top of page

Small Fry

I’m gonna be the first to admit when I can’t get through a book. I couldn’t get through this book. Perhaps it was the pacing or the writing or the narrator (I listened to the audiobook), or the fact that I just wasn’t in the “mood” for this type of book at the time - it happens. To be transparent, I lasted for two hours, so please take my opinion with a grain of salt. A glib summary of what I heard: It’s clear that Steve Jobs was not, in his private life, the charismatic persona he put on public display, but rather an immature jerk who abandoned a family he deemed “inconvenient.” It’s also clear that his daughter and the author, Lisa, struggles with presenting her absent father as a sympathetic figure, and many incidents from her early life can only be described as traumatic.

The author and her father, Steve Jobs, in a rare moment of affection.

I don’t want to use this platform to give a long-winded spiel of a book that I didn’t really like (but has been given widely positive reviews), but I will say a few things to back myself up here. I felt like Brennan Jobs was just hashing out random stories from her childhood, jumping from thought to thought with little connection, and I couldn’t get a handle on the ultimate goal of her storytelling.

I was absolutely horrified by some of the stories, and the flippancy of their retelling. A hippie family, including a 5 year old child, insisted that Lisa nurse on the adult woman in the family until she finally succumbed to their pressure. Was anything done about it? What was the outcome? Who knows? Brennan-Jobs had jumped to a new story by the time I could even wrap my head around what had just happened. In another bizarre instance, Lisa walks in on her mother squatting over the toilet, her feet up on the bowl - a technique she “learned in India”. I didn’t find the squatting bizarre, but I did find the stop-start storytelling bit jarring. No explanation, no weaving it into a larger narrative, just a bunch of random stories thrown onto a plate. Over and over I kept wondering, “why the hell is she telling us this stuff?” Ultimately I couldn’t put it together, but maybe the point was to paint a picture of her mentally-ill mother's role in Brennan-Jobs' chaotic childhood.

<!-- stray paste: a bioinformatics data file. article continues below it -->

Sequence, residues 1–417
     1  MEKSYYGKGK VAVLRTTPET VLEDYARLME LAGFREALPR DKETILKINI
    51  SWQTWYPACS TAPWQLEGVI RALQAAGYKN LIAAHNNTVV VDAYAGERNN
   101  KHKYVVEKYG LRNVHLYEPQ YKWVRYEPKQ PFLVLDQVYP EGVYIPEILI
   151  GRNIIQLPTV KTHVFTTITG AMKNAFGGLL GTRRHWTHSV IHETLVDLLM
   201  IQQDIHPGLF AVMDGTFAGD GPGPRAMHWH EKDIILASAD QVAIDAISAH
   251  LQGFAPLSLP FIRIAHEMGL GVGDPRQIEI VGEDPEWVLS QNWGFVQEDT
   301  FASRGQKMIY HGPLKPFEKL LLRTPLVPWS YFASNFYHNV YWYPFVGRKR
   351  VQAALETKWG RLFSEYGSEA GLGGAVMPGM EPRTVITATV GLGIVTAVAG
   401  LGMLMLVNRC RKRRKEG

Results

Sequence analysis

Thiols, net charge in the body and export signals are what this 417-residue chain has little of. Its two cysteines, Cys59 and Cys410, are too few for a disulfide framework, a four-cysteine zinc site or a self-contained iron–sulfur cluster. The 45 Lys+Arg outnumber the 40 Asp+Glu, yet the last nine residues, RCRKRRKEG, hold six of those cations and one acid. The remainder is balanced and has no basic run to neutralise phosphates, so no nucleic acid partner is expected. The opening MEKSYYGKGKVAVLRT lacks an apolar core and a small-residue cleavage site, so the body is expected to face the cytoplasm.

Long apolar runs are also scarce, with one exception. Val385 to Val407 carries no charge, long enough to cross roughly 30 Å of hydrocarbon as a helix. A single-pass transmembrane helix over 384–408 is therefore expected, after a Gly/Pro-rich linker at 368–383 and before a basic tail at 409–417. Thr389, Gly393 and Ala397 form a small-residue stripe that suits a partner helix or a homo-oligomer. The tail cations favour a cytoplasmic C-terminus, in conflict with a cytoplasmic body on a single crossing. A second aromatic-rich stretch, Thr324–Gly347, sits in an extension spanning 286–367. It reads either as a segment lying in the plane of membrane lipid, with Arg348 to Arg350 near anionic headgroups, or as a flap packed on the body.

The author, Lisa Brennan-Jobs

I do want to highlight how valuable it’s been for us at Literally to read and discuss books that the group disliked, or had mixed feelings on. Not everything’s going to please everyone, and ultimately having the group discussion can bring about so much more substance to one’s opinions! I know that for me, talking with the group about a book I disliked reading brings me joy, because I’m presented with insights I never considered and perspectives totally different from my own.

I’m all for reading things that make you uncomfortable and pushing outside your reading “mood,” but sometimes you need to listen to your gut, right? Have you read this one? I’d love to know your thoughts. Is it worth pushing through to the end? Are there any popular books out there that you just couldn’t get through? My mom always taught me to give every book the “10 page test!” Are there any books that just didn’t cut it?

Happy (and sometimes not and that's okay!) reading!


bottom of page